How JustAnswer Works:
  • Ask an Expert
    Experts are full of valuable knowledge and are ready to help with any question. Credentials confirmed by a Fortune 500 verification firm.
  • Get a Professional Answer
    Via email, text message, or notification as you wait on our site.
    Ask follow up questions if you need to.
  • 100% Satisfaction Guarantee
    Rate the answer you receive.
Ask taratill Your Own Question
taratill
taratill, Solicitor
Category: Employment Law
Satisfied Customers: 6307
Experience:  15 years experience of advising on employment law matters
32019188
Type Your Employment Law Question Here...
taratill is online now

I have been working current employer on a full-time

Customer Question

I have been working for my current employer on a full-time contract from September 2007. I reduced my hours to 28/week a year ago by mutual consent. If I am asked to reduce my hours further, can I refuse or ask for compensation?
Submitted: 1 year ago.
Category: Employment Law
Expert:  taratill replied 1 year ago.
Hello my name is ***** ***** I am happy to help you today. Are you saying you have been asked to reduce your hours? If so can you give me more details of what you are being asked to do.
Customer: replied 1 year ago.

No, not yet. We have a new CEO and I am aware of budget discussions going on which are confidential. This is a new departure as our (small) organisation was previously very transparent in financial discussions. We are all aware that our financial situation is tight and that we are looking at ways of cutting costs. I would like to prepare myself for such a situation. Thanks, Jenny.

Expert:  taratill replied 1 year ago.
If they are looking to reduce your hours for this reason and you do not agree then you will be in a redundancy situation on the basis that the 'need for a person to perform the role has ceased or diminished'. They can offer a reduction in hours as an alternative to being made redundant. This may or may not be appealing to you.
So the upshot is that you can refuse but by doing so you may be at risk of redundancy as they may decide that they can only afford to pay someone a certain number of hours.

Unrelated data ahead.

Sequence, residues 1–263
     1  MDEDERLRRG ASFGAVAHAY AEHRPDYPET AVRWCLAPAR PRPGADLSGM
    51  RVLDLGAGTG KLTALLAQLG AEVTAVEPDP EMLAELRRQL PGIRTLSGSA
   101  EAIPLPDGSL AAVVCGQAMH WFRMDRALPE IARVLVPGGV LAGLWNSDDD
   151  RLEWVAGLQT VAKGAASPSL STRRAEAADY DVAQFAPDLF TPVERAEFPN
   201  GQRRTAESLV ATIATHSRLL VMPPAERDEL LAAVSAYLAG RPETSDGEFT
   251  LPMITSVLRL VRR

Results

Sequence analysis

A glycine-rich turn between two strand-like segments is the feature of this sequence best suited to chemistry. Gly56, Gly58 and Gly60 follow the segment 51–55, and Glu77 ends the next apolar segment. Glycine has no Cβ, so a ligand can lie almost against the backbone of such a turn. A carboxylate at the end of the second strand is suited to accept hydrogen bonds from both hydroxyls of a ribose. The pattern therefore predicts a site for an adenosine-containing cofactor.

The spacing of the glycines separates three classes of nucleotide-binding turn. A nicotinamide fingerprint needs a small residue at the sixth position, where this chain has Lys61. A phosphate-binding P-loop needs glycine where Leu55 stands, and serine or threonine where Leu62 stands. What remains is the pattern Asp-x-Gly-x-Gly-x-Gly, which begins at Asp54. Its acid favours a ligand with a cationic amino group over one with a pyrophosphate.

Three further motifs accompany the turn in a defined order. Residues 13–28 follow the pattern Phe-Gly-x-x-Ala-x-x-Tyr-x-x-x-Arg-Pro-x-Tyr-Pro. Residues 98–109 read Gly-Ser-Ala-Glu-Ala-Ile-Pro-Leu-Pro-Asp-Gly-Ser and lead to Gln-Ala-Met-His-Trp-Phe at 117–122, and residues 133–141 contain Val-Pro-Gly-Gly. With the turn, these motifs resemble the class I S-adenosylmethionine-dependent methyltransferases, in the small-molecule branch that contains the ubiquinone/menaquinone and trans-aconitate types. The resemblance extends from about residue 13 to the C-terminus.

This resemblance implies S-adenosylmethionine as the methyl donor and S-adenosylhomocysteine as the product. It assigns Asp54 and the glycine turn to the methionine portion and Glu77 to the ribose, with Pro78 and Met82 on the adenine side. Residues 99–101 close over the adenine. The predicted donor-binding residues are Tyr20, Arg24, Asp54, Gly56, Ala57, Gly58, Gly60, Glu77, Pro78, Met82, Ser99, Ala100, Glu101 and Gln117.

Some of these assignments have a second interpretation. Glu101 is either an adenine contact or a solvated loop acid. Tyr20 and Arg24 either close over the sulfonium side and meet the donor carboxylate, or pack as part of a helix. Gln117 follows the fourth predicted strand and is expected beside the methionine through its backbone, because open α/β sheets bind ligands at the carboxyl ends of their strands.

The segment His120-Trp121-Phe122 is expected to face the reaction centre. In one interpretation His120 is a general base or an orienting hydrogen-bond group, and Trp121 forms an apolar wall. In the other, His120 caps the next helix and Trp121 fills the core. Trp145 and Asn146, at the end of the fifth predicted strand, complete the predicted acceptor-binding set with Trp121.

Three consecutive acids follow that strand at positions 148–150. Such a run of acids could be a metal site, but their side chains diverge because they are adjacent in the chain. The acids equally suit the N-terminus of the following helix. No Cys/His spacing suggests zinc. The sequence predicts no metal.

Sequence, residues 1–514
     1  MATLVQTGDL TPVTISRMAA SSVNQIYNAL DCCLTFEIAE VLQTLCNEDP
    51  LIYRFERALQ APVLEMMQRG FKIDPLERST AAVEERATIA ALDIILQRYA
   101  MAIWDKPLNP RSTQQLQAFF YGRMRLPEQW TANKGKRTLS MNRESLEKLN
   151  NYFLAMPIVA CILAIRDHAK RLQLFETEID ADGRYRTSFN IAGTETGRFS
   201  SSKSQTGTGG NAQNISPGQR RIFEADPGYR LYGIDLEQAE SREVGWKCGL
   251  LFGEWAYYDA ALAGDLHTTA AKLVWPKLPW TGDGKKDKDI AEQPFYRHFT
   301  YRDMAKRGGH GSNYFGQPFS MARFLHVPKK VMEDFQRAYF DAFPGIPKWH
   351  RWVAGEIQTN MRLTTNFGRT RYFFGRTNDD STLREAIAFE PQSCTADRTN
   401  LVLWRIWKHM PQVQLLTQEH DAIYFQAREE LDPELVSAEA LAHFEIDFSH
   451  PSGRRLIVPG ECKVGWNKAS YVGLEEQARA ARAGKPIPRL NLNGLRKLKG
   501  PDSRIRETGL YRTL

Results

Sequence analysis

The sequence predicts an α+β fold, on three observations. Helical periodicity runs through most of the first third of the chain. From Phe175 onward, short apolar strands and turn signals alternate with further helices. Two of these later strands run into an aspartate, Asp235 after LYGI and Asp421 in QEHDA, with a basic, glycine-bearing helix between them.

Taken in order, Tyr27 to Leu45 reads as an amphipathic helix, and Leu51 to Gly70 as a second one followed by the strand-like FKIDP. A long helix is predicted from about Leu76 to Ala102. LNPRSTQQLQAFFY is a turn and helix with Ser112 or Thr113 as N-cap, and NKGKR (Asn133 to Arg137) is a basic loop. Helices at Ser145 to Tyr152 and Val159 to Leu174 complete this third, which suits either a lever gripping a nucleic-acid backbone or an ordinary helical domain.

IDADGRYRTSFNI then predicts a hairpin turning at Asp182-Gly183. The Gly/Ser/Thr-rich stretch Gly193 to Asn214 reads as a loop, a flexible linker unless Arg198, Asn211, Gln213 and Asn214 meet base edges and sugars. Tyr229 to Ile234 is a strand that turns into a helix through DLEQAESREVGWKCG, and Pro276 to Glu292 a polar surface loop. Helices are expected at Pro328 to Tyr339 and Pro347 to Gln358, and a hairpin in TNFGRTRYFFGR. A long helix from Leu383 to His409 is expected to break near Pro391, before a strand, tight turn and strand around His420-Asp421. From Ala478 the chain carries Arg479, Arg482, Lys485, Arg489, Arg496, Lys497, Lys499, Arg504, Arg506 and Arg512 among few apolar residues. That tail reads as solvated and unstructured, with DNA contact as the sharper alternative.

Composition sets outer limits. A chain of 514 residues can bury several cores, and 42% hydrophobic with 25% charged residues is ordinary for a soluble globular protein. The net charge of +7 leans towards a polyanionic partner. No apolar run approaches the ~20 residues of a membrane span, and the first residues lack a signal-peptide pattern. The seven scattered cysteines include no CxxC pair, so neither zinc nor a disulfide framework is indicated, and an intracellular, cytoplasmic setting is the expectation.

If you have any further questions please do ask. If I have answered your question I would be grateful if you would take the time to rate my answer. Thank you and all the best.
taratill and other Employment Law Specialists are ready to help you
Customer: replied 1 year ago.

Thanks, ***** ***** helpful. My further question then is, that if I do refuse to a reduction in hours, and they say they can't continue to employ me for my current hours, I would be entitled to opt for redundancy?

Expert:  taratill replied 1 year ago.
that's right you would be able to tell them that it is a redundancy sitaution and say you want redundancy.
Customer: replied 1 year ago.

Thanks very much, that's clear. I feel I have a clearer understanding of my options to prepare for the situation should it arise.

Expert:  taratill replied 1 year ago.
No problem, I would be grateful if you would remember to rate my answer as I am not otherwise credited for my time. Do come back to me in the future if you need to.
Customer: replied 11 months ago.

We spoke last year when I was concerned about confidential cost-cutting discussions. I now have two questions, one in relation to my job description and the other to my working conditions.

1) My original contract was full-time. I have been working part-time now for two years by mutual agreement but my contract was never amended. What’s more, my role has changed very significantly to one with more responsibility and more interest. It has now been suggested that my job description should be revised to match what I do rather than what I was originally recruited for. (There has been no change in my salary.)

Have my rights been affected at all by the changes and, if not so far, would they be changed by a new job description linked to a new contract?

2) We will be leaving our office at the end of our current lease next summer. There is now talk of ‘going virtual’, but it is not feasible for me to work from home – and I wouldn’t want to anyway. It has been suggested that we could hire desk space on a more temporary basis.

I will at that point have been working in this office for almost 10 years. I am used to having a quiet office as I do a lot of proof-reading, and really don’t want to work in an open plan environment. Do I have any rights in relation to the workplace as one of my conditions of service, or would I just have to quit if I am given the choice of either working from home, or working in a more ‘hot-desk’ type situation and don’t find either alternative acceptable?